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A Mission of Mercy: Disaster Advanced Response Team

 

by Mike Cloy
Elder, Reformation OPC,
Gastonia, NC
In 2017, the Presbytery of the Southeast (PSE) Diaconal Committee committed itself to develop a way in which to respond to disasters so that churches could resume worshipping together after the impact of natural disasters. Providentially, the Lord provided proof of principle for a coordinated and trained disaster response team through Hurricane Florence.
     Six Dorr brothers contacted David Nakhla, OPC Disaster Response Coordinator, who referred them to me. They were able to assist the Presbytery of the Southeast during Hurricane Florence and provide mercy ministry to the OP churches in New Bern and Wilmington, NC. 
     This experience enabled the PSE to select qualified men from within the PSE to serve on their organic D.A.R.T. (Disaster Advanced Response Team), to train them, and to purchase the necessary equipment and tools to perform their duties.
    Teams are equipped with a skid steer (Bobcat), fuel transport tanks, chainsaws (extra bars, chains, and service tools), protective gear, many other tools needed for immediate response aid, food and water for the number of days they intend to be deployed, as well as the ability to sleep in the trailer if needed. 
     There are currently 13 certified members of the DART. Members of the DART are required to attend a FEMA CERT class within their local county Emergency Management Services system. This gives them some credentials to be allowed into disaster areas sooner than a regular volunteer, although they are not attached to FEMA in any way. They are currently working on getting a forestry certificate for storm-damaged tree removal to further their credentials in disaster zones.
     Unlike regular disaster response efforts, where the Committee on Disaster Response asks for volunteers, the DART does not receive volunteers. It is an organization of its own with 13 men on the list of approved and vetted volunteers. A minimum of four and a maximum of six men are required to drive the two trucks that pull the two trailers. As little as a twelve-hour notice is given to deploy each group on call. We try to schedule at least three times as many as needed in order to ensure 4-6 team members are available. These men must be members in good standing of a local church.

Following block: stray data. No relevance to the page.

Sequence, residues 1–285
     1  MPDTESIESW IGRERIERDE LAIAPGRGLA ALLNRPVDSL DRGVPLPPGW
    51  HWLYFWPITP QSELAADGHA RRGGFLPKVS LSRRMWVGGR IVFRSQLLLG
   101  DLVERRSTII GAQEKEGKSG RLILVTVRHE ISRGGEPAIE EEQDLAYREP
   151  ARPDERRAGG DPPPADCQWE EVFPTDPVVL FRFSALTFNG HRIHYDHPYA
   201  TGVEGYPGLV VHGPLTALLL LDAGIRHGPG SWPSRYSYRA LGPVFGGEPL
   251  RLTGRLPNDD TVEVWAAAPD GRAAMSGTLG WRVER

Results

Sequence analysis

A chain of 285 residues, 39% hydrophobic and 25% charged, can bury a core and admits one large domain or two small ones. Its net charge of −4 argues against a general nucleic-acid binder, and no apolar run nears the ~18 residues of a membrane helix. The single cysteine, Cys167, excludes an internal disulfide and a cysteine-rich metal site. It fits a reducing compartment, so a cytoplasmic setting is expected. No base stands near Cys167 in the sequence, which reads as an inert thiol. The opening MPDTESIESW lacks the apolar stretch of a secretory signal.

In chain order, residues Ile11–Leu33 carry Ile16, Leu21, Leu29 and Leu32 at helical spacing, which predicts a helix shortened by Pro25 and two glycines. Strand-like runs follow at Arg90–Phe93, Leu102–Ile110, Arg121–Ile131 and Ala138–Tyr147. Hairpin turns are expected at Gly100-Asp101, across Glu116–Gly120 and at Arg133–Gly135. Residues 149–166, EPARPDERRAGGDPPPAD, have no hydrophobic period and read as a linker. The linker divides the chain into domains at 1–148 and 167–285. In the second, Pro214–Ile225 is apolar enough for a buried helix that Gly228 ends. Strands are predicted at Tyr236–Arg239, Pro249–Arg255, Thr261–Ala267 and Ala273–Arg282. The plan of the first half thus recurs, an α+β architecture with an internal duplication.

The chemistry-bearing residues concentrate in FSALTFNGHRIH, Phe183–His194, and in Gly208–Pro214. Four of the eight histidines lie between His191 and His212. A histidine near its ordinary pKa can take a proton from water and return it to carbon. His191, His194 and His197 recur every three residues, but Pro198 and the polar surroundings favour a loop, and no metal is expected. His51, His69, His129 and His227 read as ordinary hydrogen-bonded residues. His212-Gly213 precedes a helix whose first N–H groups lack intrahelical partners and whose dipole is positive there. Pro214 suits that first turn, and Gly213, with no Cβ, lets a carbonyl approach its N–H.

When a disaster strikes one of the churches within the presbytery footprint, I (as the PSE DR Coordinator) make contact with the impacted church’s leadership to make them aware of the DART’s capabilities, as well as to obtain an initial assessment of the damage and research lodging accommodations.
     The deployment comes after the DART leader alerts the team with an imminent notice of deployment. The impacted church will then provide a more detailed assessment to determine the extent of damages to the property of the church, the property of church members, their extended families, and also their neighbors. The church will send proof of the damage in the form of pictures and a priority of work. The men on the DART receive the church assessment with these pictures in order to refine the equipment they might need to perform their mission of tree removal, tarping roofs, and water removal from flooded areas. Once the DART arrives at the impacted church, the church will assume the lead for directing the DART in service to the church. 
     The DART records all of its actions and creates daily reports. Updates are sent to David Nakhla, so he can begin to shape follow-up support for the long-term mission of helping the church minister mercy through a site and volunteer coordinator. 
     Since Hurricane Laura, the PSE is seeking to come alongside the Presbytery of the South (PSO) and assist them with DART capabilities. When the DART deployed to Pineville, LA, they were able to help seven families avoid the cost of tree removal in a total amount of $40,000.In the wake of Hurricane Laura, which hit the gulf coast of Louisiana and Texas just a couple of weeks ago, the DART was deployed to help churches and families affected by the storm. 

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Refugee Relief

by Pastor Chris Cashen
This article first appeared in the September 2020 edition of The Mercy Minute, the Committee on Diaconal Ministries’ quarterly e-newsletter.